But what ARE we thinking? Possibly about emotional attachment, whether or not the person feels the same way, a possible relationship with this person, etc… Realizing how much getting tested for STD’s and HIV can affect THESE things could actually motivate people to be more careful about it. At least I would think so.
There are other benefits to getting tested, beyond just health reasons. Getting tested could be related to your emotional attachment to a person; it can also show you whether or not that person feels the same way about you, and it could have a huge impact on a relationship you are already in:
I kind of really dislike the ads that talk about something along the lines of “whenever you sleep with someone you sleep with all the people they’ve slept with” because it can come off as sex shaming. Instead, can we just stress using protection and getting tested? Because it really doesn’t matter how many people you’ve slept with, but rather how safe you were doing it.
Here are a few of my favorite links pertaining to living with HSV2 that I recommend:
- http://theherpesblog.com/ -
Nanci Elliot has been living with herpes for over 20 years. She has a husband, two children she birthed naturally, and a seemingly great life. Her positive outlook and constant reassurance that everything will be wonderful is really helpful, hopeful and motivating. She has gone through everything already and gives really great advice.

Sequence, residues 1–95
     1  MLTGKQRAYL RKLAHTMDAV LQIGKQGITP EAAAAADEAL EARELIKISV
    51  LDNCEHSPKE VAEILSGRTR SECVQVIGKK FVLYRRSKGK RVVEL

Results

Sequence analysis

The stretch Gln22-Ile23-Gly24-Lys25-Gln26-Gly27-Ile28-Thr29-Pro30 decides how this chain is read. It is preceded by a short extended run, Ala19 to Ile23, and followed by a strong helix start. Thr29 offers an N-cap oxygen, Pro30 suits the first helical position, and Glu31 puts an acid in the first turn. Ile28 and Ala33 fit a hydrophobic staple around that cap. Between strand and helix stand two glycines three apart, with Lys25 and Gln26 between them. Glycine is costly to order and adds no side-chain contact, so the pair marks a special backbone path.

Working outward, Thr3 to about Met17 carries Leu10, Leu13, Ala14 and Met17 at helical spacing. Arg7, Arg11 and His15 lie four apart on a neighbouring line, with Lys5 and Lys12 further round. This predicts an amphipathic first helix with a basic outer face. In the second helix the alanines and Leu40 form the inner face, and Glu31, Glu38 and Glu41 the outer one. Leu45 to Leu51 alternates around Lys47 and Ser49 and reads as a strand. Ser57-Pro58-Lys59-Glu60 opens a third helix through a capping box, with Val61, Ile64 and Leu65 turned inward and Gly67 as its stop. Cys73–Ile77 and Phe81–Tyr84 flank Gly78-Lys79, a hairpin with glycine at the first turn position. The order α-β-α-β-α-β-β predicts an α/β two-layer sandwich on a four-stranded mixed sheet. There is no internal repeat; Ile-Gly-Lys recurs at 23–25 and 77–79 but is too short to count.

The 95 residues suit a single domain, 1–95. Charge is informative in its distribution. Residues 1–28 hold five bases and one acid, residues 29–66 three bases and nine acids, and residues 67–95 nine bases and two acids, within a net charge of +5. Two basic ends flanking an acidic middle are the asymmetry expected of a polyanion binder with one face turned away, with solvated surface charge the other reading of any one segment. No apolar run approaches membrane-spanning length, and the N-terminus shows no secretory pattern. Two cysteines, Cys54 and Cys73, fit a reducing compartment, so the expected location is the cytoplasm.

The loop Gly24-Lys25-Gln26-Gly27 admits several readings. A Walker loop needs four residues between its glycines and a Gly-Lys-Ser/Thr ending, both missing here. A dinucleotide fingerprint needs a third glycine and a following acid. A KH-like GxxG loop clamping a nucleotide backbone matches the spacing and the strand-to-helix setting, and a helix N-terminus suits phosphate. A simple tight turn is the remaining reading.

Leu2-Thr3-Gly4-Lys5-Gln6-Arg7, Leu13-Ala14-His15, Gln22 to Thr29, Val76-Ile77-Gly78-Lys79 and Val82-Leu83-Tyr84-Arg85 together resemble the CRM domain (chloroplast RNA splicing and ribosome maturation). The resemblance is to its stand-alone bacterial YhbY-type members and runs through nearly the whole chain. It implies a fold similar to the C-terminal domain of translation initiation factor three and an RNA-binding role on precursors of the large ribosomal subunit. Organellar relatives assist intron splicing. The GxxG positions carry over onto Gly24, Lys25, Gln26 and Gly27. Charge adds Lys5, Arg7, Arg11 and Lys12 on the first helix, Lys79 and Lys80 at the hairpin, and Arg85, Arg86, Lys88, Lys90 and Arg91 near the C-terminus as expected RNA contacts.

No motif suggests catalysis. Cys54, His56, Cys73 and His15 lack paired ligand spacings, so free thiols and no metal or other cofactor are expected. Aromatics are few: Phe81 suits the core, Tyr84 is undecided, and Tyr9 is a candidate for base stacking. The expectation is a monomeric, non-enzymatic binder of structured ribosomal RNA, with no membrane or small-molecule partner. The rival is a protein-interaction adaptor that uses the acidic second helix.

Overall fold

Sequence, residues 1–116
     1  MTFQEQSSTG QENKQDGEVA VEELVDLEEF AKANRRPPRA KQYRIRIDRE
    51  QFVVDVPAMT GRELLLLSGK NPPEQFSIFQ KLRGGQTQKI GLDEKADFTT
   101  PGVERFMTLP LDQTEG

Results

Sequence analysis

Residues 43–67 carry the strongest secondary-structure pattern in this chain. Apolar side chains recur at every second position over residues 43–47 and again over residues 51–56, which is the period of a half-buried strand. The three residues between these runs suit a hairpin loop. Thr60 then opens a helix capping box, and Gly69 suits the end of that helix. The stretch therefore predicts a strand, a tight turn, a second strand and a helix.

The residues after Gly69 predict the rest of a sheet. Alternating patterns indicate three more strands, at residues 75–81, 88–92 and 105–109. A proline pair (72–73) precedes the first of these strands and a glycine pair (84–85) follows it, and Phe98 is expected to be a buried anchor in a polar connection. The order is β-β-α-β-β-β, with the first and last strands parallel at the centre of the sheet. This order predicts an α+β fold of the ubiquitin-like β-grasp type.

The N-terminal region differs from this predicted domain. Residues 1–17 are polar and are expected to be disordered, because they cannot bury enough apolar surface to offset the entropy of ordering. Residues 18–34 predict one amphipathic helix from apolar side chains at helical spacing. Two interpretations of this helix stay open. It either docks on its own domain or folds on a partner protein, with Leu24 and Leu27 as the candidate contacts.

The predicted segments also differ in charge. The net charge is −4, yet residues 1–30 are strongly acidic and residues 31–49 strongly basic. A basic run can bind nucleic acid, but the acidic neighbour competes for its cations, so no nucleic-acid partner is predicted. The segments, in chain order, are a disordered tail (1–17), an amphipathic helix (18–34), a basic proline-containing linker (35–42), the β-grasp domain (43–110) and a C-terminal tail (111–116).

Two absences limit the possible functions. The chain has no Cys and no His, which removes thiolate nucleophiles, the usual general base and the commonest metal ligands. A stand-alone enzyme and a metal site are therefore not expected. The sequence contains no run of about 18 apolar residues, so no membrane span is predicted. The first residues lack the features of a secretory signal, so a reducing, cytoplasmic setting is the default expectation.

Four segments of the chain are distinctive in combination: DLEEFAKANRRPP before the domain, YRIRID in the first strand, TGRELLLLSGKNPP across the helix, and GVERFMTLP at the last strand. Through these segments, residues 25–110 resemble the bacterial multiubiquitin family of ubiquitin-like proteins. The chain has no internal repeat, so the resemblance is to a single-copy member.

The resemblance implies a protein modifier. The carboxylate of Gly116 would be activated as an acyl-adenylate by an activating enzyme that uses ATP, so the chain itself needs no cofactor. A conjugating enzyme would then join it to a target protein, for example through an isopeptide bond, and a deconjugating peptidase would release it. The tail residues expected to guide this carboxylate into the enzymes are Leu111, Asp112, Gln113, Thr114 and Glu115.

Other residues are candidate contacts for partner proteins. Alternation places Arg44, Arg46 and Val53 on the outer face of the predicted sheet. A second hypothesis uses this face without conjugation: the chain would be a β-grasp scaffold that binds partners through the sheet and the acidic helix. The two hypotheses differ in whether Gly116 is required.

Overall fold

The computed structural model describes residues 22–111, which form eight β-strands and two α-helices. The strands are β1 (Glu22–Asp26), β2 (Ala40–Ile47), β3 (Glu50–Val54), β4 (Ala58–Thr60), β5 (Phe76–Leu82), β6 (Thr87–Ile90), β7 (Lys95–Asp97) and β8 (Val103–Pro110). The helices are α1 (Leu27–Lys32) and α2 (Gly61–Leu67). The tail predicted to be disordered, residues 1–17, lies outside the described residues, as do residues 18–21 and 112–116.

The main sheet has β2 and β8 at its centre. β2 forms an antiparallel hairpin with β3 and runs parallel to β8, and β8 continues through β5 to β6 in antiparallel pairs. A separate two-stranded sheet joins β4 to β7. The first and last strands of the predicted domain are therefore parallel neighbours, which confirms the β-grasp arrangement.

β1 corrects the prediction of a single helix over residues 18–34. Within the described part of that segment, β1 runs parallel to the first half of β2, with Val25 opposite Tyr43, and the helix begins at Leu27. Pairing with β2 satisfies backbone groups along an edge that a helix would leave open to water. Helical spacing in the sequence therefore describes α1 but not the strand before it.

- http://www.herpesonline.org/articles/living_with_herpes.html -
The guide to living with HSV. Find out more about forums, support groups, testing, FAQs, articles, real stories from regular people, the works. Anything you need is here, seriously.
- http://www.herpes.org/herpesinfo/smartliving.shtml -
Written by a medical director, this site gives a nice, concise breakdown of the virus, symptoms and treatments. It’s very easy to navigate and is really helpful if you need to find something quick without having to look under rocks.
- http://www.cdc.gov/std/herpes/ -
The CDC’s genital herpes page, which includes all of the medical information one would need.
This is my favorite HSV+ forum/independent community on the internet. It has great advice, information (including remedies, information on vitamins and supplements, etc). It also has a free chat room with really cool people who are going through the same thing.
The only STD dating site I have any experience with. It’s free to join and to make a profile but you can’t send messages or chat online. You can respond to messages but you can’t really do much besides that unless you pay the monthly fee.
Pro-tip: The fee is recurring so make sure to cancel before the monthly recurring date if you don’t want to keep getting billed!